New Orleans Ready To Make Comeback

NEW ORLEANS, UNITED STATES: US troops from the 82nd airborne pose for a group photo at the empty Bourbon street 17 days after Hurricane Katrina hit the city of New Orleans, Louisiana, 14 Septbember 2005. AFP PHOTO/Menahem KAHANA (Photo credit should read MENAHEM KAHANA/AFP/Getty Images)
New Orleans Mayor Ray Nagin announced Thursday that large parts of his city will reopen next week, and the historic French Quarter the week after that.

"The city of New Orleans will start to breathe again," Nagin said. "We're starting to bring New Orleans back culturally. We're starting to bring New Orleans back from a people standpoint, and we're starting to bring New Orleans back from the unique things that make New Orleans what it is."

Wealthy entrepreneurs held a power lunch today in the French Quarter, eating red beans and rice, a New Orleans favorite CBS News Correspondent Byron Pitts reports.

The announcement came amid progress in restoring power and water service and the day after the release of government tests showing that the floodwaters still contain dangerous bacteria and industrial chemicals, but that the air is safe to breathe.

The first section to reopen to residents will be Algiers, across the Mississippi River from the French Quarter, on Monday, the mayor said. The city's Uptown section, which includes Tulane University and the Garden District, will be reopened in stages next Wednesday and next Friday, he said. The French Quarter will follow on Sept. 26.

"The French Quarter is high and dry, and we feel as though it has good electricity capabilities," the mayor said, "but since it's so historic, we want to double- and triple-check before we fire up all electricity in there to make sure that, because every building is so close, that if a fire breaks out, we won't lose a significant amount of what we cherish in this city."

One local businessman quipped to Pitts, "It's kinda like a bad marriage. You gotta trade it in and get a new one."

In other developments:

  • According to an advance excerpt of his speech tonight in New Orleans, President Bush says the rebuilding of the Gulf Coast will be one of the largest reconstruction projects the world has ever seen. CBS News will broadcast and will provide a live Webcast of the speech at 9 p.m. EDT.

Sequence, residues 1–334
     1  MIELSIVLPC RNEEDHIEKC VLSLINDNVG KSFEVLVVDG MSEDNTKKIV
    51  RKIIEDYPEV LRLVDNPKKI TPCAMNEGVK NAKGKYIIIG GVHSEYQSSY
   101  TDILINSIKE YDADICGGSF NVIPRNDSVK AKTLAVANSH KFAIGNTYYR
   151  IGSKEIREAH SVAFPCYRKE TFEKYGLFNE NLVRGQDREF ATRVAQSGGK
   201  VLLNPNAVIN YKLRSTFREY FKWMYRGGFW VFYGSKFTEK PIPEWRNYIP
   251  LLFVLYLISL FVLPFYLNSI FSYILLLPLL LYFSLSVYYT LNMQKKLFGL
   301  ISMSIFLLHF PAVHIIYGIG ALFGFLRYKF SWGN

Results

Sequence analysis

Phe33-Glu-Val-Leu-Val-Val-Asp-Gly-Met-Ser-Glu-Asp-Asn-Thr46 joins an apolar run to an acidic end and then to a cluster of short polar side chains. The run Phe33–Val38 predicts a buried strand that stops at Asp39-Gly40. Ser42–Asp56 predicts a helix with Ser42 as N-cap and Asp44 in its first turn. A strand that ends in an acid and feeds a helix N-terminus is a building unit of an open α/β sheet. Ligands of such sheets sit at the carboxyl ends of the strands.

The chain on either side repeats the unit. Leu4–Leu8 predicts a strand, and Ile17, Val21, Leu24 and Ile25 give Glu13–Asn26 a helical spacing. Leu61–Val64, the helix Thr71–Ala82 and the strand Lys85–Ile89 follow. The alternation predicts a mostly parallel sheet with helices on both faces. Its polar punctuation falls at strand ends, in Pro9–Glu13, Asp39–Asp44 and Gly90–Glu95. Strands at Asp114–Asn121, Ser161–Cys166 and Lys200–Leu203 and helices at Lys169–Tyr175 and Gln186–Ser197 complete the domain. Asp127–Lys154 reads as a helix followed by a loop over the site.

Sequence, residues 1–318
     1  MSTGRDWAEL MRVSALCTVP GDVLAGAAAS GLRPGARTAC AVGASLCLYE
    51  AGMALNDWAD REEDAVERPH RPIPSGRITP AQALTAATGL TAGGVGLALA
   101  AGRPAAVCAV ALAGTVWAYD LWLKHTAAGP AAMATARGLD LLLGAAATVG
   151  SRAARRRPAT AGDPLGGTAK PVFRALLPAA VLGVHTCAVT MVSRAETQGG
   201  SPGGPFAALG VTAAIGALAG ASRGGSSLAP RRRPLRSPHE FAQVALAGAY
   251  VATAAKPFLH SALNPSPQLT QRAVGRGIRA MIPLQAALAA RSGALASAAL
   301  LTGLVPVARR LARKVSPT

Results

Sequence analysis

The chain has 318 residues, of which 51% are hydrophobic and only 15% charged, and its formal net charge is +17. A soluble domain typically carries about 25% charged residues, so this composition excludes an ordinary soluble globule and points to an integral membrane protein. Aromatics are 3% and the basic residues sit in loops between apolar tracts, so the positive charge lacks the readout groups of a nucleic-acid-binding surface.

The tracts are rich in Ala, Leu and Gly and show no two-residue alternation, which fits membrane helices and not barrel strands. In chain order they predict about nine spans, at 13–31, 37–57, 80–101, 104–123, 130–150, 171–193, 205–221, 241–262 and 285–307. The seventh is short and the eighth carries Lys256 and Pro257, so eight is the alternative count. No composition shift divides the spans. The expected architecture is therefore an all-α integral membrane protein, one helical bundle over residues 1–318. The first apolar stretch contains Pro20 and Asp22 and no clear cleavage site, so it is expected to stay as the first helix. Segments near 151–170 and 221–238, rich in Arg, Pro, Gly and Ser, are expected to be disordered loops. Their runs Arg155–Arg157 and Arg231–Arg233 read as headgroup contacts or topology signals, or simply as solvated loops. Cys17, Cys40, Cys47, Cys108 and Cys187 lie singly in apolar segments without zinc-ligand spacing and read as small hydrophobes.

• The Army Corps of Engineers says the pumping-out of New Orleans is going faster than expected. The Corps says most of eastern New Orleans and the adjacent parishes should be dry by the end of the month, about a week earlier than anticipated. The deepest water in the city is near Lake Ponchartrain, where it's still six to eight feet deep. That's a little less than half of what it was at the peak of the flooding.
  • The House has approved creation of a select, bipartisan panel to investigate the events surrounding Hurricane Katrina. Republicans pushed the measure through on a mostly partisan vote of 224-to-188. The panel will have a Republican majority, and Democrats renewed their warnings that they will boycott the committee.
  • As reported on Wednesday's , many Hurricane Katrina victims were surprised to learn that their paid-up insurance policy did not cover floods. Thursday, the Mississippi attorney general sued insurers to force them to make payments.
  • The Coast Guard and other rescue teams continued searching for bodies by boat and helicopter in areas that were still under several feet of water. A few homes in the area bore spray-painted marks indicating that bodies were inside.
  • A new CBS News/New York Times Poll shows 56 percent of Americans are less confident, after Katrina, in the government's ability to respond to disaster or terror. "Some of the failures that we saw, lack of communication at different levels of government, are things in a post-9/11 world we, frankly, can't tolerate," said White House Communications Director Dan Bartlett Thursday on CBS News' The Early Show.
  • The U.S. government should have pre-positioned more sandbags and helicopters in the New Orleans area before Hurricane Katrina struck so that repairs to broken levees could have started sooner, the commander of the Army Corps of Engineers said Thursday. "We knew that this system would not protect against a category four or five event," Lt. Gen. Carl Strock told a Pentagon news conference.